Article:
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Chapter 16

PSYC 1010 Chapter Notes - Chapter 16: Fritz Heider, Bernard Weiner, Illusory Correlation

13 pages83 viewsFall 2010

Department
Psychology
Course Code
PSYC 1010
Professor
Rebecca Jubis
Chapter
16

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Readings- Chapter 16
Social Psychology
A branch of psychology concerned with the way individuals’ thoughts, feelings & behaviours
are influences by others
6 main topics in this section person perception, attribution processes, interpersonal
attraction, attitudes, conformity & obedience, behaviour in groups
Social psychologists study how people are affected by the presence of others
Person Perception: Forming Impressions of Others
Person perception: the process of forming impressions of others
Perceptions are often inaccurate due to biases
Effects of Physical Appearance
Judgements of personality are based on appearance; their physical attractiveness
Good-looking people grab our attention almost immediately & hold onto it longer than less
attractive
People ascribe desirable personality characteristics to good-looking people (more sociable,
friendly, poised, warm)
Scientifically, there is little correlation between attractiveness & personality traits
Attractive people are overrepresented in the entertainment media
People tend to view those with baby-faced features as more honest & trustworthy while being
warm, submissive, helpless & naive however there is no real association
Attractive people are seen to be more happy & successful in life
Cognitive Schemas
Social schemas: organized clusters of ideas about categories of social events & people
People have social schemas for events such as dates, picnics, committee meetings, family
reunions , & for people such as dumb jocks, social climbers, frat rats, wimps
People routinely place others in a category
Stereotypes
Are widely held beliefs that people have certain characteristics because of their membership
in a particular group
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Most common stereotypes are based on sex, age & membership in occupational or ethnic
groups
Gender stereotypes women are emotional, submissive, illogical & passive; men are
unemotional, dominant, logical & aggressive
Age stereotypes elderly are slow, feeble, rigid, forgetful & asexual
Ethnic stereotypes Jews are mercenary, Germans are methodical & Italians are passionate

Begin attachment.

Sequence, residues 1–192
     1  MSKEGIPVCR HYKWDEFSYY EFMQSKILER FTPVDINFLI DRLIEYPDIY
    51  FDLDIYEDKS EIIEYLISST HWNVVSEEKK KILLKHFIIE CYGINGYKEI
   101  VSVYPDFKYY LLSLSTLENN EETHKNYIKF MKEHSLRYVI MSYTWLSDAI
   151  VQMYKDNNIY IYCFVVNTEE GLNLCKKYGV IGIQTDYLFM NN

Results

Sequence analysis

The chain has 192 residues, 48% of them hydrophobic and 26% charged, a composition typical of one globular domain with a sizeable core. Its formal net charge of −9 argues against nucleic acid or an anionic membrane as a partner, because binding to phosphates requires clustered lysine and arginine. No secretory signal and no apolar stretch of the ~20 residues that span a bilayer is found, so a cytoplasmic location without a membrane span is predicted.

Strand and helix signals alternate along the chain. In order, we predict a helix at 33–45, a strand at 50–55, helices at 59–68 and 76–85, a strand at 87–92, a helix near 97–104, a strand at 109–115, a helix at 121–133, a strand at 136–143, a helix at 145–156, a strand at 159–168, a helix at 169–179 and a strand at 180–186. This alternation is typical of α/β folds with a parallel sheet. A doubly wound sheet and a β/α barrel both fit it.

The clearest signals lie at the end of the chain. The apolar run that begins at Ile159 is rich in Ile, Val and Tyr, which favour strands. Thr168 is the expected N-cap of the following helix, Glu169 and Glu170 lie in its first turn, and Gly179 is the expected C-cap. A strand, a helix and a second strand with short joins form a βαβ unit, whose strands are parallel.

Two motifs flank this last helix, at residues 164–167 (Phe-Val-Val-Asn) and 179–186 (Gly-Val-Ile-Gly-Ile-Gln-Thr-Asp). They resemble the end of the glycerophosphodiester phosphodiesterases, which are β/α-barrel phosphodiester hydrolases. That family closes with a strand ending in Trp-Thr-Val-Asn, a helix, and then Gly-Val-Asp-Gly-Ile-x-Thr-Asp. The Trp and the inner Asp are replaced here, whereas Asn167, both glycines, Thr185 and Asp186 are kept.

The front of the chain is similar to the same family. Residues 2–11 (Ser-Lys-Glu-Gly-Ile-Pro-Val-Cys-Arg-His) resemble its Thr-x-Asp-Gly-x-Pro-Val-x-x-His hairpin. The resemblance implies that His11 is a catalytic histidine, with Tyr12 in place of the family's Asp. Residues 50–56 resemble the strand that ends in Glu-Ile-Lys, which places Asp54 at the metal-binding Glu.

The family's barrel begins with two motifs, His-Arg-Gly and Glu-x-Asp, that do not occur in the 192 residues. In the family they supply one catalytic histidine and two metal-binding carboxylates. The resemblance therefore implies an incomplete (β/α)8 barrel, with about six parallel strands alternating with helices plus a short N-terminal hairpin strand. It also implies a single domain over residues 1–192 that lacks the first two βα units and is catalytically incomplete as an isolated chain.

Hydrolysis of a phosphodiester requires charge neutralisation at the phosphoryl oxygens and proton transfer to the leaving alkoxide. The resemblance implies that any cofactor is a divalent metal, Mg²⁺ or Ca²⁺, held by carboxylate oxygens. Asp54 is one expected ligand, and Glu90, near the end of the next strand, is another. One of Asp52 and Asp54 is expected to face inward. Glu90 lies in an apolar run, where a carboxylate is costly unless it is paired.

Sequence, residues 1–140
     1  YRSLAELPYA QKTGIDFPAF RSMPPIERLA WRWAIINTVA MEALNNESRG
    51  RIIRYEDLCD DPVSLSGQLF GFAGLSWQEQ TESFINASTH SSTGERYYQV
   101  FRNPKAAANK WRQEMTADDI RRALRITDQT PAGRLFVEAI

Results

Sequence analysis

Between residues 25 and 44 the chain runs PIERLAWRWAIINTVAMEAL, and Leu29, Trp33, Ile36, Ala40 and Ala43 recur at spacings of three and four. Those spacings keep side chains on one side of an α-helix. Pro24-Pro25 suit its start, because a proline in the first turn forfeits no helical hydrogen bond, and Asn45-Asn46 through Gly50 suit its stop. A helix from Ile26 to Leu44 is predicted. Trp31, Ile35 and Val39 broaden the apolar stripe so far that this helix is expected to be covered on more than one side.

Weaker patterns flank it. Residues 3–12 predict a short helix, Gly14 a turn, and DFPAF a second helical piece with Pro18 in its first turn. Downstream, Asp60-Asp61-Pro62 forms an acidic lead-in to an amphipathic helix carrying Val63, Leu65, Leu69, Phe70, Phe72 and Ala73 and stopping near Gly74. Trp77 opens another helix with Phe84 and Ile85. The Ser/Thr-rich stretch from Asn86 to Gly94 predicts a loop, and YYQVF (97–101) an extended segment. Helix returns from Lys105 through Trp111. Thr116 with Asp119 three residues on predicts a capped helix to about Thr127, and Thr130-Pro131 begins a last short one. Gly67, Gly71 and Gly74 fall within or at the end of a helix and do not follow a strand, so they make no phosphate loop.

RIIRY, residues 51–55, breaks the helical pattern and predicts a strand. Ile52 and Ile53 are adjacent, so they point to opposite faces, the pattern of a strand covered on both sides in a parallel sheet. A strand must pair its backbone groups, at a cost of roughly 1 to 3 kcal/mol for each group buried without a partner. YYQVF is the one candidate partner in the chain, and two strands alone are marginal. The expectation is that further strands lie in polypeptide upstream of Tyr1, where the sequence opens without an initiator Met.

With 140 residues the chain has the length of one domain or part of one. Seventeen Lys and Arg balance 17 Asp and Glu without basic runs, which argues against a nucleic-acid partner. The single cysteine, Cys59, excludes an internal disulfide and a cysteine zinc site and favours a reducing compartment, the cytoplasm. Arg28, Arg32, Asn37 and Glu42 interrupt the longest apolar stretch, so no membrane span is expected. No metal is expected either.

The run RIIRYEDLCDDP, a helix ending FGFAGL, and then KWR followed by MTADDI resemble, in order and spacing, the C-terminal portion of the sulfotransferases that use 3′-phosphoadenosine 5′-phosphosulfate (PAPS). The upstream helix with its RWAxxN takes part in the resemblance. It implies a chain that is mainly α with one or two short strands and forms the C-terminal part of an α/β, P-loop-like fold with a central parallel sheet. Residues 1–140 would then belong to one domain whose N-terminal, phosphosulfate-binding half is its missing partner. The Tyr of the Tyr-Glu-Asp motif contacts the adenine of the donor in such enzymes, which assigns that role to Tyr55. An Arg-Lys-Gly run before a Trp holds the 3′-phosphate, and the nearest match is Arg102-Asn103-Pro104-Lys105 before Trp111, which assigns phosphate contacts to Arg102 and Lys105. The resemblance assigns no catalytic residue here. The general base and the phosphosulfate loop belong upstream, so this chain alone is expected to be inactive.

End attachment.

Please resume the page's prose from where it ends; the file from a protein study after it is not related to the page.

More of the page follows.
Occupational stereotypes lawyers are manipulative, accountants are conforming, artists
are moody etc
Stereotyping is automatic & saves time/effort to get a handle on ones individuality
Peoples expectations may lead them to misperceive individuals
Perception is subjective; people see what they expect to see
Our perception of others relates to the self-fulfilling prophecy
In a study, when the job applicant was black, the interviewers sat further away, ended the
interview quicker & made more errors in speech
Immediate style sit closer, more eye contact; non-immediate style sit further away, more
errors in speech, looking away)
In another study people who are treated towards the non-immediate style seemed more
anxious & did not perform as well in the interview
If you hold strong beliefs about the characteristics of another group, you may behave in a way
that brings out this persons characteristics
Subjectivity & Bias in Person Perception
People tend to overestimate how often they see what they expect to see
Illusory correlation: occurs when people estimate that they have encountered more
confirmations of an association between social traits than they have actually seen
It only takes one incident of unusual or memorable behaviour to create an illusory correlation
between that behaviour & that group
People tend to only recall activities of a subject that fit their perceptions
Evolutionary psychologists argue that some of the biases seen in social perception were
adaptive in humans ancestral environment
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They also claim that humans are programmed to immediately classify people as members of
an ingroup (a group that one belongs to/indentifies with) or an outgroup (a group that one
doesnt belong to/indentify with)
Attribution Processes: Explaining Behaviour
Attributions: are inferences that people draw about the cause of events, others behaviour &
their own behaviour
People make attributions to understand their experiences; they want to make sense out of
their own behaviour, others actions & the events in their lives
Internal vs. External Attributions
Fritz Heider was the first to describe how people make attributions
People tend to locate the cause of behaviour either within a person (personal factors) or
outside a person (environmental factors)
Internal attributions: the causes of behaviour to personal dispositions, traits, abilities &
feelings
External attributions: the causes of behaviour to situational demands & environmental
constraints
Ie, if a friends business fails you might attribute it to their lack of business intelligence
(internal/personal factor) or to negative trends in the nations economic climate
(external/situational explanation)
Ie, crashing car is due to teenagers carelessness (internal) or roads slippery conditions
(external)
Attributions for Success & Failure
Bernard Weiner concluded that people often focus on the stability of the causes underlying
behaviour
Ie, you wonder why you failed to get the job you wanted. Stable Internal Factors lack of
ability. Unstable Internal Factors inadequate effort to put together a good resume. Stable
External factors too much outstanding competition. Unstable External factors bad luck.
Bias in Attribution
People often arrive at inaccurate explanations even when they contemplate the causes of
their own behaviour
Guesses tend to be slanted in certain directions
3 types of biases
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